So why am I suddenly having this revelation even though I’ve walked around thinking about these various aspects of racial discrimination and injustice most of my life and throughout all of my teaching career? My only answer is that I don’t experience it directly, and if I am going to be an ally for racial and social justice in my local and national society, I need to continue to listen in these moments rather than talk through my rationalizations.

This was one experience in a conference that filled me with a new knowledge of what injustice truly means to our society and our constantly changing world we live in today in both America and throughout the globe. There are many experiences ahead, and I do plan to keep listening.

We Took A Beating Today

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I read the news,

it was awful,

filled up with views

made me want to ‘manafort’

 

my breakfast, lunch and dinner,

so I chose not to eat

the garbage being spewed,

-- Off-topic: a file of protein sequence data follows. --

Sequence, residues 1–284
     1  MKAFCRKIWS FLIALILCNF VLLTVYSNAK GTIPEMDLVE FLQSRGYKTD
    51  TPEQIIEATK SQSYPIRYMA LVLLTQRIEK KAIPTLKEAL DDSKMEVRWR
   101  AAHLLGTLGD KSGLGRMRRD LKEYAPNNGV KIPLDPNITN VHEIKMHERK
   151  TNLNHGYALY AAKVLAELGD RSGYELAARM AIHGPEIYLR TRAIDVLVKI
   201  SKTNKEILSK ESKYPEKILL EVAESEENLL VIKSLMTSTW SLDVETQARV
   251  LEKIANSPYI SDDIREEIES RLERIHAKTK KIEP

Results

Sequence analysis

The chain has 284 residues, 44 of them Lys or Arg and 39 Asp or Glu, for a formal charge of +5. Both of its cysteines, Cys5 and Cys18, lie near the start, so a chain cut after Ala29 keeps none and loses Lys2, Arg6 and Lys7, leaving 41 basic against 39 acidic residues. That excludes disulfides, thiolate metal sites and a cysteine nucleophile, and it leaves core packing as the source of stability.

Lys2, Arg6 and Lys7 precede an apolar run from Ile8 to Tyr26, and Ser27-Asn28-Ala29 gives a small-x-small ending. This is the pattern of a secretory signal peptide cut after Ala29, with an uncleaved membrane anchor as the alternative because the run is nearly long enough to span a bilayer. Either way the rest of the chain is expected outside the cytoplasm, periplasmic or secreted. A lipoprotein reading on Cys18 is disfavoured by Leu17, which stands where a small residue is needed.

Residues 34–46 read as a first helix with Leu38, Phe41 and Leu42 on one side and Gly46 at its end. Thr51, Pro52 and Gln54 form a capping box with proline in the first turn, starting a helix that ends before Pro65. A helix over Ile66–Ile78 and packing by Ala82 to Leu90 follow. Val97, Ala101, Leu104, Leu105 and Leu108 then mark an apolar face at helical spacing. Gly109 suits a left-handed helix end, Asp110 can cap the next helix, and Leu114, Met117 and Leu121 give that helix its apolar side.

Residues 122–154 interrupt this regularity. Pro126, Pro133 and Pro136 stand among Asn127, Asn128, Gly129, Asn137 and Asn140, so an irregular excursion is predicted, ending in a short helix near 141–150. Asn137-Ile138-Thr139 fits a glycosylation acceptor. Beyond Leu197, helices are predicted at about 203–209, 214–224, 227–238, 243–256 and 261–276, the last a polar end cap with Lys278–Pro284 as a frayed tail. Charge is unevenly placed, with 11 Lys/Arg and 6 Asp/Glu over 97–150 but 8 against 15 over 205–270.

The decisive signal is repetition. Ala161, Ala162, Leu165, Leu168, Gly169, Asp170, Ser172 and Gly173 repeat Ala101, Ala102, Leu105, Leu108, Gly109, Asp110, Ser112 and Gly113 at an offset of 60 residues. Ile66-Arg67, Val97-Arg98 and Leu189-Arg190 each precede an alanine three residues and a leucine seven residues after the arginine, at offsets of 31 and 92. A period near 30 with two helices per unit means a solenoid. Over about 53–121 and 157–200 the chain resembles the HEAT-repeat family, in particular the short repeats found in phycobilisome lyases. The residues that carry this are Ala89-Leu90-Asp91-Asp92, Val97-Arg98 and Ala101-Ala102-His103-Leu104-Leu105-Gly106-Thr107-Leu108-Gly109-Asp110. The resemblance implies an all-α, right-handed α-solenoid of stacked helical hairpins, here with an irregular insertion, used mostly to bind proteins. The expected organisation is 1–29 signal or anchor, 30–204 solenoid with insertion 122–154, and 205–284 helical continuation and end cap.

drank clean water all day instead.

 

We watched a conservative rally,

full arms and gusto

no more of this sally

way toward democracy bust-o.

 

I wonder about tomorrow,

the next day, thereafter

how do we get past the bullshit,

this scenario we are so not after.

 

Whose the minority now,

who’s pulling the strings

one clown with orange hair

seems awfully happy to be king.

 

I stole away from my anger

stood outside in the breeze

looked to the stars for an answer

a Strawberry Moon was my gaze.

 

I only bring this up to say good night,

beyond the hypocrisy of the day,

when we do look out into the night

sky we are all dependent on the same light.

 

Cast your eyes upon the moon,

for forever will be yours too soon.